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lcl -- Lua Container Library and The One Data Structure to Rule Them All

June 8, 2013 - Tagged as: en, lua.

Note: Sorry for organization of this post. We were talking about this stuff over #lua IRC channel for an hour, and before that I had worked on various bugs and I’m incredibly tired now.

I’ve been working with an experimental Lua library lately. It had started as a learning exercise, and after first iteration, it turned out to be an experiment about Lua’s internals, dynamic linking, and data structures.

Lua Container Lib(lcl or liblcl for short) is a Lua library to use C++ STL containers from within Lua. It’s compiled to a single .so(or .dll) and it can be loaded from Lua 5.1.5, 5.2.2, LuaJIT 2.0.2 and Love2D with package.loadlib standard function. It provides some STL containers with an object-oriented interface.

You can see the source here. There isn’t any tutorials yet, I think it’s simple enough to learn it from examples, see tests/ folder.

For now, it only contains set and deque containers, but it should be very easy to add more. Also, not all operations on sets and deques are supported yet. Again, this should also be very easy to add. Current code base should have all kinds of code to implement more containers/operations on containers by just looking for others’ implementations. Pull requests are welcome!

tests/ folder also have a simple benchmark. Output of benchmark is in files benchmark.output and benchmark.output_luajit. I think most people find the output interesting. Before explaining what’s going on in that benchmark, here are some stuff I learned while developing this library:

Lessons learned

Lua has some rules about the use of C API, but when you don’t follow the rules, you don’t immediately get caught. For instance, you should return the number of elements placed to the stack in your C functions. I had a bug in my code and one of my functions was returning 1 even though it returns with an empty stack. Nevertheless, the library worked fine until I tried it with LuaJIT.

LuaJIT is more picky about that rules and it fails in strange ways. Sometimes my program was failing with strange memory allocation errors, but program was still running. In the best case, I was getting a segmentation fault.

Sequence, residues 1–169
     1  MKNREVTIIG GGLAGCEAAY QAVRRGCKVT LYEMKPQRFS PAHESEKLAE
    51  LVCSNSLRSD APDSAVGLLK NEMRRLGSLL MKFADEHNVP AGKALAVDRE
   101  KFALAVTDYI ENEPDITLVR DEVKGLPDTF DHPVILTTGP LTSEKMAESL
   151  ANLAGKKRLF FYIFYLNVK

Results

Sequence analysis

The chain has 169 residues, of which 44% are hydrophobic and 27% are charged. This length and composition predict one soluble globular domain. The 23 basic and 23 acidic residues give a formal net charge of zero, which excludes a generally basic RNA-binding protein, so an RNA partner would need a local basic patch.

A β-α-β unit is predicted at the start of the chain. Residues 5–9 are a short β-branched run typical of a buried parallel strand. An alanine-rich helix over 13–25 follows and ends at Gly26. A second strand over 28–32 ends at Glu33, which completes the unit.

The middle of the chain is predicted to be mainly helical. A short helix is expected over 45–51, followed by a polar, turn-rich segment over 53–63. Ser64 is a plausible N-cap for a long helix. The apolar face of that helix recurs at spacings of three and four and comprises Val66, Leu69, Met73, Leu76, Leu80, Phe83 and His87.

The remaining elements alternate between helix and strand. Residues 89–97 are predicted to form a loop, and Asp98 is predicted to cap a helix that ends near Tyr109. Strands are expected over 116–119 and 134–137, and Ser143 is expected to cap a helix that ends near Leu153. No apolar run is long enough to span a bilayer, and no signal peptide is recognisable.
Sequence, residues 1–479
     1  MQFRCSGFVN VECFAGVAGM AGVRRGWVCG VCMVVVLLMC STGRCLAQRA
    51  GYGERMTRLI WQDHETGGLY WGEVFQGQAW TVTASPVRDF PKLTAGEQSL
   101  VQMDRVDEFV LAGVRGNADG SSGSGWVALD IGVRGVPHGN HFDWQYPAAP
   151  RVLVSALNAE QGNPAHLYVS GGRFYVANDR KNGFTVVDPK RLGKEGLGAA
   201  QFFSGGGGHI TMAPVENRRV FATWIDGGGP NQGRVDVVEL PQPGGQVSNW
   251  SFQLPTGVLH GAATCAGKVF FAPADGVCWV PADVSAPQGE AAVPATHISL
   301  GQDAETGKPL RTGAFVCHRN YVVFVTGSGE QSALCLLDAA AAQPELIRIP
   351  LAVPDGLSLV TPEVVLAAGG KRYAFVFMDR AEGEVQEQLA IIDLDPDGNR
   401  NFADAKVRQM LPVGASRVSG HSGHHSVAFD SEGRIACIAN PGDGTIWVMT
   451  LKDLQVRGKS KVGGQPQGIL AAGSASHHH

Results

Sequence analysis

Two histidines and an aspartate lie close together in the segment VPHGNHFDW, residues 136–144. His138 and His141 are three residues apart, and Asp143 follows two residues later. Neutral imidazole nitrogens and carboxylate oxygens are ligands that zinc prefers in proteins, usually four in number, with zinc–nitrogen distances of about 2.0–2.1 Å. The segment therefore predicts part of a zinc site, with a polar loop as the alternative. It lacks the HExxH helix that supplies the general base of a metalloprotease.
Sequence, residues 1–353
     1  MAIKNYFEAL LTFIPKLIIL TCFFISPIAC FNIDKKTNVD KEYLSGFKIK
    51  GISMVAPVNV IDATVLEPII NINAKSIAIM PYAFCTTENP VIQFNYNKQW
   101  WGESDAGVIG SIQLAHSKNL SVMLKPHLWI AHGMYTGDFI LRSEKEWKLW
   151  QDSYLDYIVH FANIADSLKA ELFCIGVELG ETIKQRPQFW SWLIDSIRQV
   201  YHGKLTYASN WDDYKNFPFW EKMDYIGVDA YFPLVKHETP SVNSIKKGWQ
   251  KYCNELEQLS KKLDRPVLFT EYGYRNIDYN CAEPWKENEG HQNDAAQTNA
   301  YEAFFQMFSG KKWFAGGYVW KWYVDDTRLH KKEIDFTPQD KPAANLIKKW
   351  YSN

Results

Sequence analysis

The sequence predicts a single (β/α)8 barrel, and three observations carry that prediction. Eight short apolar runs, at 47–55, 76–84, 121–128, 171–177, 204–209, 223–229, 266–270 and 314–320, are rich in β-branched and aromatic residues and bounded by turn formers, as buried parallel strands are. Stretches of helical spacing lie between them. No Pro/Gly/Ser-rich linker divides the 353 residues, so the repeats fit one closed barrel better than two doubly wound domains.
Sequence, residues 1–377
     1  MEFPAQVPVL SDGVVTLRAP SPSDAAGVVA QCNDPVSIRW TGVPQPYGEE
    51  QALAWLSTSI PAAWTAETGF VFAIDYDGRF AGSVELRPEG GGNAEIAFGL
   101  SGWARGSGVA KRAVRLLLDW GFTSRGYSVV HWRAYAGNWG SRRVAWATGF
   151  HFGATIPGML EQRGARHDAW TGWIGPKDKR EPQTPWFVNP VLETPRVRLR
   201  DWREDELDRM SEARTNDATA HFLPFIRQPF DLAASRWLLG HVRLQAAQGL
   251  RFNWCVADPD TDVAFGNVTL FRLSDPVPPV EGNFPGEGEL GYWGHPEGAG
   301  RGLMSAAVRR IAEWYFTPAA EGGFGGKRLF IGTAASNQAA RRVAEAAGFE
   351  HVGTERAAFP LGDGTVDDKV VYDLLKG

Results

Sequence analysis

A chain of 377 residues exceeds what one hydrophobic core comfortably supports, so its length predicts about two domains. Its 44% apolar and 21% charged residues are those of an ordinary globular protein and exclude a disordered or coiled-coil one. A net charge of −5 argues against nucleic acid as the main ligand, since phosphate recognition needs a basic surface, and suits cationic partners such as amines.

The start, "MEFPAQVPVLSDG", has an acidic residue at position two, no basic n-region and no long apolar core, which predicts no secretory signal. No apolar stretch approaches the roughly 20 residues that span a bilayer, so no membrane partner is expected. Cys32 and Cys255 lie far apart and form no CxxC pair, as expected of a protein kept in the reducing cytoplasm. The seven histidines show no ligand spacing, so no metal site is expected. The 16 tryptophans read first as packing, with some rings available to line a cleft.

After several hours of debugging and some help from mailing list(see my mail here) I could solve it. Best helper was the LUA_USE_APICHECK debug macro. It’s added to Lua in somewhere between Lua 5.1.5 and 5.2.2. When you compile Lua with LUA_USE_APICHECK defined, Lua makes some assertions in code to make sure stack is in correct state. You should always develop C libraries to Lua with this enabled.

Now, as for benchmarks; two things can be seen immediately from benchmarks: 1) All operations on STL containers are slower 2) LuaJIT is awesome.

Let’s first start from second point. LuaJIT is awesome. It’s best thing happened to Lua. It’s binary compatible with Lua 5.1.5, which means with minimal effort, you can gain some real performance benefits. You can see the difference by comparing benchmark.output and benchmark.output_luajit files. All I had to do was to run program with LuaJIT instead of Lua.

Now, as for STL containers .. Before starting this project, I was considering having a better performance for specialized data structures, ie. STL deques should be faster than Lua tables used as deques. As can be seen from benchmarks, that’s not the case. I made a simplest possible deque implementation possible in Lua(you can see it here) and it’s still faster than STL deque(with minor difference).

I think there are several reasons for that.

There is no way to get a Lua value out of Lua interpreter. Lua C API deliberately avoid this because this may lead to memory leaks or memory corruptions.

You can only have a reference to a Lua value, and in that case, that value has to be written in some table. luaL_ref creates a reference and writes it to a Lua table, and then return that reference(as an int). Generally, you would use global register at LUA_REGISTRYINDEX to save Lua values.

This implies that you cannot have a container with insertion faster than Lua table insertion. Because every insertion also have to insert to a Lua table. This table is generally the global register at index LUA_REGISTRYINDEX. For example, when I add 1000000 elements to a set, all those elements is also added to the register.

You can see that STL deque insertions time is almost the same as Lua implementation’s. The reason for this is that even though STL deque insertion is O(1) with a minimal constant factor, you have to insert to a Lua table like explained above.

In case of set data structure: STL’s set implementation is generally a kind of tree, and elements are stored in sorted order(this makes possible to use STL sets as heaps like I did in dynload.lua example). This causes extra O(log N) function calls for comparisons, where N is number of elements in tree. ie. when a new element added, it’s place is determined by comparing it with elements at each level and then moving down to next level in tree. In case of Lua tables, all insertions are amortized O(1) and no comparison functions are called.

These are my explanations to reasons of why STL operations are slower.

Still, I don’t think adding C/C++ containers in Lua is completely pointless. Significant memory savings may be possible with C/C++ containers. For example, 32 flags can be held in a 32bit integer in C/C++, but to do this in Lua, you need to use a double for every flag, and a table. A double is 8 bytes in my 64bit machine. And with 32 flags it costs you 32*8 = 256 bytes. In C/C++ you can have it with only 4 bytes.

There may be also performance advantages for really complex algorithms, but I don’t have a particular example in mind.